Funny how things happen. On Dec. 1, in this space we told the story of the great fire in Tupper Lake in 1899 that wiped out most of the village. Now my friend Jerome "Champ" Branch has given me a copy of a detailed history of Tupper Lake village, 1902 to 1952, edited and probably mostly written, by Louis J. Simmons, village historian and long time editor of the Tupper Lake Free Press.
[About the fire] "A paralyzing disaster at the time, some Tupper businessmen at first considered abandoning the uptown site completely and rebuilding at Faust. That counsel of despair went unheeded after the first shock of the calamity. Two developments played important roles in the quick restoration of confidence the construction of an adequate water system and the organization of an efficient volunteer fire department."
I hope there are still a lot of copies of this book still around because it traces the history from 1776 "when Sir John Johnson, the son of Sir William Johnson, the King's Superintendent of Indian Affairs in North America, fleeing the aroused colonists of the Mohawk Valley at the outbreak of the Revolutionary War made an epic 19-day journey through the Adirondack Wilderness when he paddled down the Raquette River with his Indian and loyalist followers in May, 1776.
"It is extremely doubtful if he lingered to enjoy the beauty of Big Tupper Lake. Fear and hunger rode with him, but little is known of the hardships his band endured before it finally reached the safety of Montreal."
Now to 1950
"As the village population grew, a 12-inch pipe line was laid to bring water from Little Simond Pond, but by the mid-1940's it was apparent this supply would not be sufficient indefinitely. On August 7, 1950, an $118,000 bond issue was passed to make possible the construction of a supplementary water line from Big Tupper Lake. The new pumping and filtration plant at Moody houses three pumps with a total capacity of two million gallons a day. Water reaches the plant through a line extending 800 feet into the lake at a depth of 43 feet."
This extensive history traces the village's recovery from the fire through chapters entitled, Downtown Tupper Lake, Industrial Progress, The Oval Wood Dish Corporation, The Draper Corporation, The U.S. Bobbin and Shuttle Companythe Churches, the Synagogue, the Schools, the Fire and Police Departments, The American Legion Mountain Camp, Sunmount and the Mercy General Hospital, [where my aunt, Sister Mary Dorothy Riley was an RN.]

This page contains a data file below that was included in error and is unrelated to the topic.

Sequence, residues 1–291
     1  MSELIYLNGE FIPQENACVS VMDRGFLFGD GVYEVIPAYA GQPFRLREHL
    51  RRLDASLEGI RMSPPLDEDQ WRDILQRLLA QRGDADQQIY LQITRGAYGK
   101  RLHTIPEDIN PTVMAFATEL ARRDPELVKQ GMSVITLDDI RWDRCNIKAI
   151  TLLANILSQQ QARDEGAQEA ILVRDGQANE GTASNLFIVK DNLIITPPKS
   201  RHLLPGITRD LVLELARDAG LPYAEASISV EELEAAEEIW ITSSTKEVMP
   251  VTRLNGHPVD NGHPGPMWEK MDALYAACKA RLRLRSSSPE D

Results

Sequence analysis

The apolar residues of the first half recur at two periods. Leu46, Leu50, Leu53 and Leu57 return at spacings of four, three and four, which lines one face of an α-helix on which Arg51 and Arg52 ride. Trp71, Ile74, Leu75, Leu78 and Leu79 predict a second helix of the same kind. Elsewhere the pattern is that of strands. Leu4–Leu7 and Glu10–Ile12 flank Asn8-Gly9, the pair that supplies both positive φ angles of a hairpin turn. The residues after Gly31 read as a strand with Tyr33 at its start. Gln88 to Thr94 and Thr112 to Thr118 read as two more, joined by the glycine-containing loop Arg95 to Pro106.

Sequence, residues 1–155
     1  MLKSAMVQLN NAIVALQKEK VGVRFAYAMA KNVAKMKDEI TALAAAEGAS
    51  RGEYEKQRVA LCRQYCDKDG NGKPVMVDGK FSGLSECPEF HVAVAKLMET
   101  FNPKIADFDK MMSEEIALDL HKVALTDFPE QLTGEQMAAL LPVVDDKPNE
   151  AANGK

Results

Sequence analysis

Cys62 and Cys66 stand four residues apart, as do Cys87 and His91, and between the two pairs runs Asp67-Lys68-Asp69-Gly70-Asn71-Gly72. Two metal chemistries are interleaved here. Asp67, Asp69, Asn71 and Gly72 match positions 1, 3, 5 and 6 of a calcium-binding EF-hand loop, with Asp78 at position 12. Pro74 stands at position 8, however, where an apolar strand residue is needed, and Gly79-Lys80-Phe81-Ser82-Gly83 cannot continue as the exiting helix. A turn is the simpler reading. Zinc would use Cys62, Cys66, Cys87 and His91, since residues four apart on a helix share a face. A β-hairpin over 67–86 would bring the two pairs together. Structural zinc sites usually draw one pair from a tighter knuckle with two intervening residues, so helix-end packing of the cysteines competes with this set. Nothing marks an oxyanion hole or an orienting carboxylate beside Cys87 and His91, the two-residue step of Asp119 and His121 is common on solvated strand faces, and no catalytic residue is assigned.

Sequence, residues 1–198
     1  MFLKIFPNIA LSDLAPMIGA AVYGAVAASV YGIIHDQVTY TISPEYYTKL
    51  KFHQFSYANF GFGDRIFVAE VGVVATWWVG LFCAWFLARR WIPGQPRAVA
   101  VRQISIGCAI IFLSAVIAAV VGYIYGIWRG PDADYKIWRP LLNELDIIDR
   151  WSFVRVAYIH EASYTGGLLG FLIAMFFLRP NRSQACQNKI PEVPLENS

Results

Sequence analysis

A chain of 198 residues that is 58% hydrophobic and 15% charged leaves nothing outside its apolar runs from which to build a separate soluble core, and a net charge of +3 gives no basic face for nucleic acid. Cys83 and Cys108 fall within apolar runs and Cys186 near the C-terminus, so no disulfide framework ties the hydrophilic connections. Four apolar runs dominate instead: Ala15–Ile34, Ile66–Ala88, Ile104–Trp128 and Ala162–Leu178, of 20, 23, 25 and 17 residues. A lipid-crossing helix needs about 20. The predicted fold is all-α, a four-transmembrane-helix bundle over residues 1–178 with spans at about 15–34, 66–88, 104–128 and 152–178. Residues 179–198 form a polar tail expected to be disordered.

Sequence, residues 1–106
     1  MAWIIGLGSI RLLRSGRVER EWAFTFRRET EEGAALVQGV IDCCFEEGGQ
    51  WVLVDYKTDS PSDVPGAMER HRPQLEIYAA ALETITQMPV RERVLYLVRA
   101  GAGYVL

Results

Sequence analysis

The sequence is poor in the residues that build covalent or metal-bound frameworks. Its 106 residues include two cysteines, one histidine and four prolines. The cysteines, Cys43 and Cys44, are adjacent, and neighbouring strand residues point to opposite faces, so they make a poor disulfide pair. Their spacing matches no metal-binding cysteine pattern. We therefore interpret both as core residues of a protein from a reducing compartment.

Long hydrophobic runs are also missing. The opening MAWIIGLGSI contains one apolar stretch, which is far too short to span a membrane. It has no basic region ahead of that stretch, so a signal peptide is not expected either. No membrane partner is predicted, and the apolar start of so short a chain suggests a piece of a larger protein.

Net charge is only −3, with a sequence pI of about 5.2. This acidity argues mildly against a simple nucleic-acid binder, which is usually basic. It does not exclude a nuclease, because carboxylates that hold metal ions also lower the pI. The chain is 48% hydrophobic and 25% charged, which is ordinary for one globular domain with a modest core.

It is frustrating to try and tell what is in this book in such a limited space that we can even 'scratch the surface' is an exaggeration.
This is for my friend, Mayor Paul Maroun, who is in a tight race with our Mayor Clyde Rabideau over who gets the most ink in any given week.
Village and town officials
"Village Mayors 1902 to 1952 Charles H. Sisson, U.S. Scott, Evariste LeBoeuf, Daniel J. Hayes, Daniel C. Randall, B. B. Lantry, Joseph Gokey [who was Mayor twice, 1912-15 and 1918-19 and it was rumored, once said, 'New York City is never going to amount to anything, it's too far from Tupper Lake']; John B. Goff, Timothy E. Bruce, Patrick H. McCarthy, Elmer H. LeBoeuf, N. B. Sparks (pro tem), [probably the grandfather of my niece, Patty Sparks Littlefield], Paul E. Martin, Frank J. McCarthy, [also twice elected, 1933-35 and 1937-39]; Edmond H. Harvey, Dr. T. J. Collinson, William E. Byrne, Thomas K. Somers and E. Raymond Sutliffe."
"Town of Altamont Supervisors 1891 1948 Howard H. Hobson, Ernest T. Fletcher, Edwin H. Page, William E. LaFountain, Dr. Eugene M. Austen, [elected twice, 1901-09, 1911-14], William J. Dievendorf, Leon P. Demars, John H. Black, Paul E. Martin [who also was Mayor], and George H. DeLair."
"Tupper Lake's first newspaper was published seven years before the community was incorporated. The Tupper Lake Herald was founded by Allen I. Vosburgh in 1895. News and advertising material was gathered here and the paper was printed in Saranac Lake."
"On July 26, 1922, the United States Government acquired title to 139 acres of land, for a nominal fee, from the Township of Altamont, New York. Immediately ground was broken for the new Veterans Administration Hospital which now has a 534 bed capacity. The first veteran/patient with Tuberculosis was admitted on opening day, August 15, 1924."
"By the fall of 1891, under the constant prodding of Dr. Webb, crews were racing to finish the line before winter set in. Chief Engineer William Roberts had a crew of expert Negro trackmen working out of Tupper on the North end, while his son, Hirschel Roberts, had a gang of 60 St. Regis Indians driving the rails north from the Fulton Chain. Rivalry was intense, and the number of feet of track laid was posted in both camps daily. Hirschel Roberts came up with an idea which got steel laid in a hurry. Every morning a work train hauled a keg of beer to the end of the existing track, from which point it was toted out 'a good optimistic distance' on the raw, new roadbed. When the rails reached the keg, the crew could knock off and drink the beer.
"The rails were finally joined on the first through railroad to penetrate the Adirondacks from end to end on October 12, 1892, near Twitchell Creek. On October 24, 1892, the first train ran through Tupper on schedule, from New York to Montreal."